We tested the hypothesis that an upregulation of antioxidant proteins [Cu-Zn superoxide dismutase (SOD), Mn SOD, catalase, glutathione peroxidase, and glutathione peroxidase] plays a role in the delayed protection against myocardial stunning produced by isoflurane preconditioning (ISOPC). Findings were compared with late ischemic PC (IPC).Methods:
Fourteen mongrel dogs were chronically instrumented to measure coronary blood flow and myocardial wall thickening (WT) in conscious state. In Group 1, dogs underwent IPC, induced by a 10-min coronary artery occlusion (CAO); after 24 h of reperfusion, they were subjected to a second 10-min ischemia CAO-reperfusion. In Group 2 (ISOPC), dogs inhaled one minimum alveolar concentration (MAC) ISO (1.4% in O2) for 60 min, allowed to recover for 24 h, and then subjected to CAO ischemia-reperfusion. Recovery of WT following the initial 10-min CAO in Group 1 served as control response for both ISOPC and IPC. Expression and activity of antioxidant proteins were measured using Western blotting and spectrophotometric techniques, respectively.Results:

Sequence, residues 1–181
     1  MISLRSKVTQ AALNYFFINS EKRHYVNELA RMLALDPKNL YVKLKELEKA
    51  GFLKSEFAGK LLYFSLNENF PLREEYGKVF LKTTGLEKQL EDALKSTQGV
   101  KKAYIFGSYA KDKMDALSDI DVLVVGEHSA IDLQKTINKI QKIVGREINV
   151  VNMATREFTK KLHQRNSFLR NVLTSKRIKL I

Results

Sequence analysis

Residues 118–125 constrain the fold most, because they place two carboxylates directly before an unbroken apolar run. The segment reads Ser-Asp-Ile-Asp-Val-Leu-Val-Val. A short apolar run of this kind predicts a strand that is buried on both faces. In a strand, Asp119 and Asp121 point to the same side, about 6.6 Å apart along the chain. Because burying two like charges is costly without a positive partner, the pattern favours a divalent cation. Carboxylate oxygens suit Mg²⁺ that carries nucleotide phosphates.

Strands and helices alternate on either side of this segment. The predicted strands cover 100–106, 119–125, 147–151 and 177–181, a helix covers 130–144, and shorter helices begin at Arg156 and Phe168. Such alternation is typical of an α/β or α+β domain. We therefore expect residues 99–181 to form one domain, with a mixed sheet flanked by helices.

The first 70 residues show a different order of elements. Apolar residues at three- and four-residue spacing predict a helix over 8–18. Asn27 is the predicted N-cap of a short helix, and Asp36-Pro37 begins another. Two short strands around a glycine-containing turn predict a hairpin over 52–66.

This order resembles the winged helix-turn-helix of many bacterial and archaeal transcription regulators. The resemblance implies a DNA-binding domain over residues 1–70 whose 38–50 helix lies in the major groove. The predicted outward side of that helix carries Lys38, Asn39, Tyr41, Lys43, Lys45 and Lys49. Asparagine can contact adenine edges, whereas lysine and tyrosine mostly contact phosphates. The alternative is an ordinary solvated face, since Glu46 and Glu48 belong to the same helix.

Two to three hours of reperfusion were required for recovery of WT following either ISOPC or IPC; in contrast, without PC, WT remained markedly reduced (30% below baseline) at this time point and required more than 6 h of reperfusion for recovery. Neither IPC nor ISOPC affected expression of Cu-Zn SOD, Mn SOD, or catalase. However, ISOPC increased activity of Mn SOD (+40%), catalase (+39%), glutathione peroxidase (+37%), and glutathione reductase (+93%) (P < 0.05); IPC had similar effects.Conclusion:
ISOPC had powerful, delayed anti-stunning effect that was associated with an enhancement of endogenous antioxidant defenses.